The Phenomenology of Group Stalking (‘Gang-Stalking’): A Content Analysis of Subjective Experiences

Stalking denotes a pattern of repeated, unwanted intrusion by one person into the life of another in a manner that causes distress, disruption, or fear [1,2]. The concept of stalking was introduced in the late 1980s to describe a form of interpersonal aggression that, although common through the ages, had come to be socially unacceptable in the western world after the recognition of equal rights for women and the prosecution of domestic violence. To that extent, stalking is a social construct that arose in a particular social and cultural context [3]..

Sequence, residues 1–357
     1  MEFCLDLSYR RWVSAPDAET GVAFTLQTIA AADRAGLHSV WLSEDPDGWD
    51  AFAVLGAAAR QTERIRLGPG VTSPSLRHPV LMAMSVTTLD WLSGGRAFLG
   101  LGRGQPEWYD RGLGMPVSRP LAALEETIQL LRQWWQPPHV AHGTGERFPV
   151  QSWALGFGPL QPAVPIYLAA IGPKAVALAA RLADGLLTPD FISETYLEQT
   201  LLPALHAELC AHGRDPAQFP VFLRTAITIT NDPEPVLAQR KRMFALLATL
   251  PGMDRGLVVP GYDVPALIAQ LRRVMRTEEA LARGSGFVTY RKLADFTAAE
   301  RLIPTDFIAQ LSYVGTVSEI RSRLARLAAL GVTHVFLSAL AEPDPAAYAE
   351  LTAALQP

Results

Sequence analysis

In an anonymous questionnaire that was completed online by 1040 self-defined adult victims of stalking [5], 12.3% of respondents reported group or gang-stalking